Nova Scotia

Provincial parks hard for N.S. to maintain

It's becoming increasingly difficult for the province to maintain each of Nova Scotia's 120 provincial parks at a cost of about $3 million a year in total.

It's becoming increasingly difficult for the province to maintain each of Nova Scotia's 120 provincial parks at a cost of about $3 million a year in total, according to a strategy released by the Department of Natural Resources.

Laurie Park near Fall River is one of 120 provincial parks in Nova Scotia. (CBC)
The strategy said park profits come mostly from camping fees, with one community-operated park charging an entrance fee.

The revenues are about $1 million a year combined — about $2 million less than what is required to keep parks clean, pay park staff and keep the campgrounds, washrooms, boardwalks, roads, and other conveniences for public use.

Provincial parks have more than 1.5 million visitors each year. Almost all of the parks they're using are free.

The province said it won't change anything until it has consulted with the public. Those talks will start next spring.

"I can't say at this point if there will be any closures but that'll depend on the communities, on the people who are involved, on the statistical analysis of usage and so on. The people of the province will determine what they want in their parks," said Natural Resources Minister Charlie Parker.

But the strategy, released Tuesday, said there's little money for anything but critical repairs.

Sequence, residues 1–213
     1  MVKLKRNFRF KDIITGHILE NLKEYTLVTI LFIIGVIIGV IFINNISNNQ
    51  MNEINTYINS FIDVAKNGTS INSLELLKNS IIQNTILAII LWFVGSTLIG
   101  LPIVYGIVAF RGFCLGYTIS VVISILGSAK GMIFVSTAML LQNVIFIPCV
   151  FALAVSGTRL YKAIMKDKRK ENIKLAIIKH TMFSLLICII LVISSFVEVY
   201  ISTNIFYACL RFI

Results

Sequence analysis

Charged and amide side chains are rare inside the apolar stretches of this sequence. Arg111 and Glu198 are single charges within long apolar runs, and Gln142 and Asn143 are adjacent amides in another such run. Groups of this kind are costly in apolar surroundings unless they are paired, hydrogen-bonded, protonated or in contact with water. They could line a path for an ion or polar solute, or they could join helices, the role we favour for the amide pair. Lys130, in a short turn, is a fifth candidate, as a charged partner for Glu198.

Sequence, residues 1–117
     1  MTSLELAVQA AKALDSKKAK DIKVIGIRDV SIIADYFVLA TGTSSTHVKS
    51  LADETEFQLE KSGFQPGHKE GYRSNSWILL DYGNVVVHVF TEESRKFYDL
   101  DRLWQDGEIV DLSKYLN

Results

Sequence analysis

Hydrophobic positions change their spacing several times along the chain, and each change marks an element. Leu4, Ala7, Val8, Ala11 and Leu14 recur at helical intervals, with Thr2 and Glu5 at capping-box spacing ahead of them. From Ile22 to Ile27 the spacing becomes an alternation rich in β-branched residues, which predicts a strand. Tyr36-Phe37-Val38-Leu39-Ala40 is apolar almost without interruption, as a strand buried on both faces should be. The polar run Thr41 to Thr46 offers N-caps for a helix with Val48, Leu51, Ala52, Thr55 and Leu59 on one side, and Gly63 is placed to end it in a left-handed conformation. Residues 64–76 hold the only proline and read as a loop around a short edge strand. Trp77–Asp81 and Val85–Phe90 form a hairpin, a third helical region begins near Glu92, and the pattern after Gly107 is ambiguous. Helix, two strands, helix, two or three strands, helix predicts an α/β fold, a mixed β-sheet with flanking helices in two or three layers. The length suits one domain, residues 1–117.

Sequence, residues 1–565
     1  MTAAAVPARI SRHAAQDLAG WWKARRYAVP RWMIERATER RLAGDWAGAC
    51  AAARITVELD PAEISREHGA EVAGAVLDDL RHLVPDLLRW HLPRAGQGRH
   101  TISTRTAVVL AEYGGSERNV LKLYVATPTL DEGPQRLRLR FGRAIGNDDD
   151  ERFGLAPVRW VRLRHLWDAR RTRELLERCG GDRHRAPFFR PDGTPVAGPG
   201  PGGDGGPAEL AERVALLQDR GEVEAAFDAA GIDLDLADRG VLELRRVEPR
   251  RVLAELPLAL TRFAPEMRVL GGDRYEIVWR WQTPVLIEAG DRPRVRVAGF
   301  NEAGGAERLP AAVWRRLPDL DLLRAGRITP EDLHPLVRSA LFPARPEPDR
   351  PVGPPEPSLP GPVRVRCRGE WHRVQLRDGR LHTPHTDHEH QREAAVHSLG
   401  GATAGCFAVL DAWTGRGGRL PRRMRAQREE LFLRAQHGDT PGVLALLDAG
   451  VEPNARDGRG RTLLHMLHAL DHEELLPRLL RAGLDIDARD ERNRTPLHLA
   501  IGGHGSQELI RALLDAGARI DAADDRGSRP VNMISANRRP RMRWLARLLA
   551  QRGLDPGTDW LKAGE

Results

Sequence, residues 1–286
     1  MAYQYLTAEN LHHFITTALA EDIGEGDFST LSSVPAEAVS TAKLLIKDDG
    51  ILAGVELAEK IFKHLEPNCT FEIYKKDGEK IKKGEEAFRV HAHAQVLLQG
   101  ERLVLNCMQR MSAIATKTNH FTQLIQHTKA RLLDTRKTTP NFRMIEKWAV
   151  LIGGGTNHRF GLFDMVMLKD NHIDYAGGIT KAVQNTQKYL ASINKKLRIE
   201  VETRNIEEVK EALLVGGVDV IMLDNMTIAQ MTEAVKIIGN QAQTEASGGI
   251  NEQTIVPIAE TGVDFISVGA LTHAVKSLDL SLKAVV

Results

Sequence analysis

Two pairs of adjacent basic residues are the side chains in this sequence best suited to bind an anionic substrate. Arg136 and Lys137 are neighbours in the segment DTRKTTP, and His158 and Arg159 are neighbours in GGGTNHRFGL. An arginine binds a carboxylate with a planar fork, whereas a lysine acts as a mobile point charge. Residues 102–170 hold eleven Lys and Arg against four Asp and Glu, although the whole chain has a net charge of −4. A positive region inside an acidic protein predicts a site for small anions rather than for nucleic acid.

"Nova Scotians want more from the parks than the Nova Scotia government can realistically afford to deliver. There are not enough people and funds to maintain or expand all the existing washrooms, trails, campsites, and other park structures," said the strategy.

The wilderness coordinator at the Ecology Action Centre argues parks should be a higher priority.

The Ecology Action Centre's Raymond Plourde said he worries provincial parks will begin to close due to lack of funds for upkeep. (CBC)
"Signalling that we don't have enough money so we're going to have to make some tough choices, it sounds like we might lose some provincial parks," said Raymond Plourde.

"That runs counter to what the public said in the consultation — which is that we highly value our provincial parks and we don't want them lowered, we want them enhanced."

With the large number of parks in the province, the province expects the consultation process to last for the next few years.